Professor Zlabinger, a passionate musician, conductor and teacher, says he plans to demonstrate the online musical performance platform with a virtual concert, which would showcase musicians performing online in real time. “The workshop would also discuss the technology used and how students prepared during rehearsals for the performance. The purpose would be “to lift the veil” of online musical performance, highlighting the technological and social challenges and successes.

“I plan to blog each week, sharing video and pictures of rehearsals, technical and logistical breakthroughs, and anecdotes by the participants,” says Zlabinger. “I [will] also provide a comparison of rehearsal videos taken during the semester, outlining what is learned by both students and instructor over the course of the semester. In addition, the performances would have audiences, who would also provide feedback.

“The fellowship will allow me to continue to develop the pedagogical possibilities of telematic performance, as a way for students and faculty to collaborate a new level and more frequently, Zlabinger explained. ”Recently, curriculum was developed and approved on campus to create a Telematic Ensemble, which will become part of the B.Mus. in Music Performance and the forthcoming B.Mus. in Music Education. This cutting-edge technology will give our music graduates an advantage over other musicians entering the workforce, as they will have experience rehearsing and performing telematically.”

According to the Music professor, students with such experience could build telematic teaching studios, which could “potentially provide an immediate source of income.”

“I am hoping to extend the reach of telematic performance beyond our campus to other CUNY music programs,” says Zlabinger. “I dream of having a CUNY-wide telematic ensemble that could make music as diverse as our student body stretched across New York City, combining many different sounds in exciting new ways.

“At its core, my work is intended to advance the Mellon Fellowship’s goal to promote equitable, creative, student-centered pedagogical research and methods designed for the rich diversity of CUNY students, by allowing more musicians to make more music together, even when they are apart,” Zlabinger says.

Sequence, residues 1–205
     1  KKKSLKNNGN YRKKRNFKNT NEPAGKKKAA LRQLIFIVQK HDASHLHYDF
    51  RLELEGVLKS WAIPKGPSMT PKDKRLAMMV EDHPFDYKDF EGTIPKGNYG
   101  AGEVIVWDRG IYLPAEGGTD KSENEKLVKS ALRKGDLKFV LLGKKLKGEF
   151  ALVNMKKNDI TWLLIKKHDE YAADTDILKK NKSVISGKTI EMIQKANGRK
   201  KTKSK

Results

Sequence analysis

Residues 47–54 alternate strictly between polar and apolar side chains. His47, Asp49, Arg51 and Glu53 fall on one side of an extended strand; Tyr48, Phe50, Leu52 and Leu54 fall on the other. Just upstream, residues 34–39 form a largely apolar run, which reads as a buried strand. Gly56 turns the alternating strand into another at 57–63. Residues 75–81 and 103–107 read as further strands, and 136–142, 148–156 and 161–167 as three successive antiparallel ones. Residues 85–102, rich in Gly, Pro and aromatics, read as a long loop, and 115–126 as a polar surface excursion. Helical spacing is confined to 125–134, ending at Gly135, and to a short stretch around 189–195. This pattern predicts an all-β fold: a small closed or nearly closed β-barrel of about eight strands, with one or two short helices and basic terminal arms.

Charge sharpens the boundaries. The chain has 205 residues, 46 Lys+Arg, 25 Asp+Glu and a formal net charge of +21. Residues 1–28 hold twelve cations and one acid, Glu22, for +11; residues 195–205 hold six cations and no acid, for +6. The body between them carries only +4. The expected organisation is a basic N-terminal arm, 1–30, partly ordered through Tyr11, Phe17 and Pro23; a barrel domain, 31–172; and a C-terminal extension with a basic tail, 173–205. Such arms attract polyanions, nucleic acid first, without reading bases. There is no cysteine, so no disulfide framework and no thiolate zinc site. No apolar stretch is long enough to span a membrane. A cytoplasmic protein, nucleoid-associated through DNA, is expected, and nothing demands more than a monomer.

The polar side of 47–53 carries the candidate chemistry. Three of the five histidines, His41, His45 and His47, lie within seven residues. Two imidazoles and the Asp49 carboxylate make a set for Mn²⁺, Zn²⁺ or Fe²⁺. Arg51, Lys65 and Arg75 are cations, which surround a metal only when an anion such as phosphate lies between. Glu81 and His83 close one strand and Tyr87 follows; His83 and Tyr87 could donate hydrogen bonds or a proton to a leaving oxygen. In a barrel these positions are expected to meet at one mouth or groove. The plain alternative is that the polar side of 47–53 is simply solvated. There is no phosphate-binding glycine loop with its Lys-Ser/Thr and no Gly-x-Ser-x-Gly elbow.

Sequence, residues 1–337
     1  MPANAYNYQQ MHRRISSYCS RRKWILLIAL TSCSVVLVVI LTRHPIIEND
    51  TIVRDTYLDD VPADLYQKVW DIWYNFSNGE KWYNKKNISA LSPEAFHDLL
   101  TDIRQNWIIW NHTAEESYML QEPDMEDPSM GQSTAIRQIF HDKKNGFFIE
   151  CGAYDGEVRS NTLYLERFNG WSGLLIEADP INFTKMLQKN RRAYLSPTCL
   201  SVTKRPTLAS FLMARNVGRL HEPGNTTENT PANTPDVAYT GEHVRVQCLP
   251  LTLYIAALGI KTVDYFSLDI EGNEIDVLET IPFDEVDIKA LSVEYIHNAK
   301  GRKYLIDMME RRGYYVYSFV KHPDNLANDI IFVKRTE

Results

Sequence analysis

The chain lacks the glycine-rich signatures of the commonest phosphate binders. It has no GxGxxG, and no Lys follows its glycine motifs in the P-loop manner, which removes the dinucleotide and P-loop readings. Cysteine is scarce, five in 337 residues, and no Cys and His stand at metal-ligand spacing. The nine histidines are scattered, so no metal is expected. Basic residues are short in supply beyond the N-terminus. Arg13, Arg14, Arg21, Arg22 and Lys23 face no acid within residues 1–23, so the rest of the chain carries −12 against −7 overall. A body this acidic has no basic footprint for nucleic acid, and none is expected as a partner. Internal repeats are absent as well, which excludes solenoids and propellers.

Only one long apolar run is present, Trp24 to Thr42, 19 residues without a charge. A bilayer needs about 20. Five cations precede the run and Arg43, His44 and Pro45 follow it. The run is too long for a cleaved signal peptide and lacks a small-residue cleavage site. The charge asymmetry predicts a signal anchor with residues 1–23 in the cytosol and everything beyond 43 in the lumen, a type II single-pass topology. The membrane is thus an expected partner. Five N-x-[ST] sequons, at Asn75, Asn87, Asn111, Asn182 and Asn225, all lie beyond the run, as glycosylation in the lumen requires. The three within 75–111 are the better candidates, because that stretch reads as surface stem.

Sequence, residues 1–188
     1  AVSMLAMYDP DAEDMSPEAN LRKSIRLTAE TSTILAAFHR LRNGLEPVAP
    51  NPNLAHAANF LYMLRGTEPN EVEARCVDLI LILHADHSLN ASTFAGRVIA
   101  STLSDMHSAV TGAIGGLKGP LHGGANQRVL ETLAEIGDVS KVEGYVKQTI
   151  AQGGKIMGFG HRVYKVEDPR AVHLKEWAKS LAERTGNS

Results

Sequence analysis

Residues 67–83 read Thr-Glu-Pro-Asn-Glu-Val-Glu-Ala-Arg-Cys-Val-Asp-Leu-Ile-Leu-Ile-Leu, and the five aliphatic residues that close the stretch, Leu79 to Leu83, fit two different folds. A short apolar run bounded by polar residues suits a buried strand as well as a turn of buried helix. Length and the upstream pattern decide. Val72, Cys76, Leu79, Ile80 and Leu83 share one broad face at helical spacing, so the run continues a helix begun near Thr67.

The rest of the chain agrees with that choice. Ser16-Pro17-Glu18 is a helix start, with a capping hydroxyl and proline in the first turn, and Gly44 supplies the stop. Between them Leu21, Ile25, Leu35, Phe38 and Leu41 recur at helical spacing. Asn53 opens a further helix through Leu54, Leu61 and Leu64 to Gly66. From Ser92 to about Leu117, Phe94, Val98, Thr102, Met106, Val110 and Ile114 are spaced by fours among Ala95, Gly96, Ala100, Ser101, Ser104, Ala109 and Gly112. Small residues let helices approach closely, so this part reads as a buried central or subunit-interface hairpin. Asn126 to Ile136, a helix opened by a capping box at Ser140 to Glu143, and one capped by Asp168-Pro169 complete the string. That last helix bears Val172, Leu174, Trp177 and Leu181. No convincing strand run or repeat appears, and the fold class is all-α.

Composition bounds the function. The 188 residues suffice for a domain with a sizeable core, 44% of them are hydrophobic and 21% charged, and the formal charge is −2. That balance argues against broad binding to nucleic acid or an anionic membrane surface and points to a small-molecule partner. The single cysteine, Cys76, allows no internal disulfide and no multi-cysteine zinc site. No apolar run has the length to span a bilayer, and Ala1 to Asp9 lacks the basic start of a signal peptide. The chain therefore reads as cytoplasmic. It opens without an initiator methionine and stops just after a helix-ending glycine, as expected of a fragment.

Professor Zlabinger also appreciates the support the college and colleagues have given him. 

“I would like to thank my colleagues Dr. Margaret Vendreys and Mark Adams in the Department of Performing & Fine Arts for supporting the decision to run the York College Jazz Band while we were teaching remotely,” says Zlabinger. “The experience of developing the modality of telematic rehearsal and performance was transformative for both me and the students, as we were allowed to work with these new technologies in rehearsal towards a real-time performance with a live audience online at the end of the semester. I would also like to thank former adjunct instructor Jarrod Ratcliffe for his technical acumen to make the band sound and look great online. I would like to thank Dr. Leslie Keiler and Zena Cooper from the Department of Teacher Education for their support in developing the Telematic Ensemble, which will be a unique element to the forthcoming B.Mus. in Music Education. I would also like to thank Provost [Derrick] Brazill for his early support of the technical aspects of students rehearsing and performing telematically. And finally, I would like to thank Claudio Lindow, Kamrul Ahsan, Stephen Yu, and the entire York College IT staff for their support while we developed the prototype.”

As an example of what’s meant as a Jamulus performance, see a recent live performance of the York College Jazz band’s 2021 - A Telematic Odyssey, being directed by Dr. Zlabinger.
Enjoy here